While we may now know less about what the fox says than we did before the autumn months of last year, the fridge has been saying quite a lot ever since it found its place within the home kitchen in the first quarter of the twentieth century.
Electric and gas refrigerators became available for domestic use in the United States following World War I, but were at first a luxury item owned by only upper class Americans. Refrigerator ownership was truly scant; in 1923, for example, it’s estimated that only 20,000 households in the United States owned a mechanical refrigerator. As late as 1927, 60 percent of households had no form of refrigeration at all, mechanical or ice-based. This was largely a result of refrigerator cost, which throughout the 1920s would have totaled close to $3,500 today.
The exclusivity of refrigerator ownership is evident in period advertising. Take for example Frigidaire Frozen Delights: Frozen Desserts and Salads Made in Frigidaire (1927)—a resource developed by Jessie M. DeBoth of the DeBoth Home Makers’ Schools of Chicago, Illinois. While some messaging focuses on the more middle class concerns of practicality, reliability, and food safety, this guide also promotes more affluent topics, as it demonstrates the high style entertaining made possible by this chilly appliance. On one page, sandwiched between pages of recipes, the pamphlet features a woman in sparkling eveningwear, welcoming a well-dressed couple into her home.
The accompanying text reads, “The hostess in whose kitchen Frigidaire is an assistant, greets her guests unworried and with an air of perfect assurance.”
As a result of technological advances, standardization, mass production, and market competition, refrigerator cost declined in the late 1920s and 1930s, and manufacturers began to target the middle class in an effort to increase sales beyond the small market segment of wealthy households. An audience more likely to be focused on the practical concerns of food safety than elegant frozen desserts, advertisements of the time reflect this perspective, casting the refrigerator in a less glittery role.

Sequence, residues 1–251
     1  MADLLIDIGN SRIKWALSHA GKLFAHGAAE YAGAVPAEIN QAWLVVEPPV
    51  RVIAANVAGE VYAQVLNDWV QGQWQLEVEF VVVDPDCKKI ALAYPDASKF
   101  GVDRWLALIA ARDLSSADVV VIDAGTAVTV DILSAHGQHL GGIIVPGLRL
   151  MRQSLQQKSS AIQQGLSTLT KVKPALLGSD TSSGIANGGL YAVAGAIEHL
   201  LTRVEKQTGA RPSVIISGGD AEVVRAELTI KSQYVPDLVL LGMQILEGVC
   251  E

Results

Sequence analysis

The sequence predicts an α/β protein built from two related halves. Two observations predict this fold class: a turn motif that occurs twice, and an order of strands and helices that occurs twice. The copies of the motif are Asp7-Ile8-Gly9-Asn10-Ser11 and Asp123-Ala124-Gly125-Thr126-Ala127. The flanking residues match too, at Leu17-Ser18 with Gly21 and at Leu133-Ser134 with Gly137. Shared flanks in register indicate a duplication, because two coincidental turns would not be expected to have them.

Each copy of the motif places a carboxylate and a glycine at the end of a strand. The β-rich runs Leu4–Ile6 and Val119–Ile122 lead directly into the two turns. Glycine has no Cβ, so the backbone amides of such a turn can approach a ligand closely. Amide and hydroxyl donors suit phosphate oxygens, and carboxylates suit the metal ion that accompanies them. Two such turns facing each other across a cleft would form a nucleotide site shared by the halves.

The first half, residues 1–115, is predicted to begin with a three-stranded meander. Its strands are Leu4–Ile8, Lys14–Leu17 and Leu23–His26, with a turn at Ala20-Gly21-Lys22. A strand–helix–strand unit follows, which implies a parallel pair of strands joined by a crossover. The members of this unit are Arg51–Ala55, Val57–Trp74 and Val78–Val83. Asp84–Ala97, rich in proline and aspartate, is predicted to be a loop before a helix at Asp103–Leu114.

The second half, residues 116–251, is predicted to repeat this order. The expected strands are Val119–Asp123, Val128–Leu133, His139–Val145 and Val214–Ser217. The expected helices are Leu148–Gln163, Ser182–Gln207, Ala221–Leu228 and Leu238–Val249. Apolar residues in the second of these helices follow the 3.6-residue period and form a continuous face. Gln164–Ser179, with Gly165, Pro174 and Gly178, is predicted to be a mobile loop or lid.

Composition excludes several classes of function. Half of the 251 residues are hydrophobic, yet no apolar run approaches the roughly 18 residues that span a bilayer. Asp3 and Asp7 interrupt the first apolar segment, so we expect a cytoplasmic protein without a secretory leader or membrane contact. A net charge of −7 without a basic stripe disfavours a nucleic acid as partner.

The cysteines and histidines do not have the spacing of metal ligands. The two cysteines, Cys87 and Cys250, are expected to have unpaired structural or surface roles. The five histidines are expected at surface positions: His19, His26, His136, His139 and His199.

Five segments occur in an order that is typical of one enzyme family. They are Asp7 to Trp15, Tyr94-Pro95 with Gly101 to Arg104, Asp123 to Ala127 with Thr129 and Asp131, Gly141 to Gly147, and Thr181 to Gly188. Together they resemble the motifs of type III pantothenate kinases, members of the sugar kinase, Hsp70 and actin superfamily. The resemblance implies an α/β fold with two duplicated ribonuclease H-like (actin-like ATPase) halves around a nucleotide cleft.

In the 1950s and 1960s, refrigerators were promoted less for their practical ability to keep food cold and safe, but for the agricultural abundance they so effortlessly provided—as well as their fashionable role within the kitchen as a design space. Take for example these individualized Kelvinator Originals:
Starting around the 1980s, however, the refrigerator emerges in a staring role within the burgeoning trend of the trophy kitchen. While fashionable at times to be hidden within custom cabinetry…
…the leading trend in today’s kitchen continues to be the stainless steel fridge, proudly put on display.
In luxury homes across the nation, high-end refrigerators continue to serve as significant status symbols, as well as intriguing economic indicators. In a New York Times article this week on the erosion of the middle class, G.E. shares how sales of their Café line of refrigerators—which boast features like hot water dispensers to the tune of a $1,700 to $3,000 price tag—outpace mass-market fridge sales.
Whether a reflection of one’s style and taste, a status symbol, or an appliance simply beloved for its frigid capabilities, the fridge certainly has something to say.
- Cowan, Ruth Schwartz. “Chapter 15: How the Refrigerator Got Its Hum,” in The Social Shaping of Technology,” eds. Donald MacKenzie and Judy Majcman (Philadelphia: Open University Press, 1985), 202-218.
- Grahame, Peter R. “Objects, texts, and practices: The refrigerator in consumer discourses between the wars,” in The Socialness of Things: Essays on the Socio-Semiotics of Objects, (ed.) Stephen Harold Riggin. (Berlin: Mouton de Gruyter, 1994).
- Isenstadt, Sandy. “Visions of Plenty: Refrigerators in America around 1950.” Journal of Design History 11, 4 (1998): 311-321.
- Nickles, Shelley. “’Preserving Women’: Refrigerator Design as Social Process in the 1930s.” Technology and Culture 43, 4 (2002): 693-727.
- Young, William H. and Nancy K. Young. American Popular Culture Through History: The 1930s. Westport: Greenwood Publishing Group, 2002.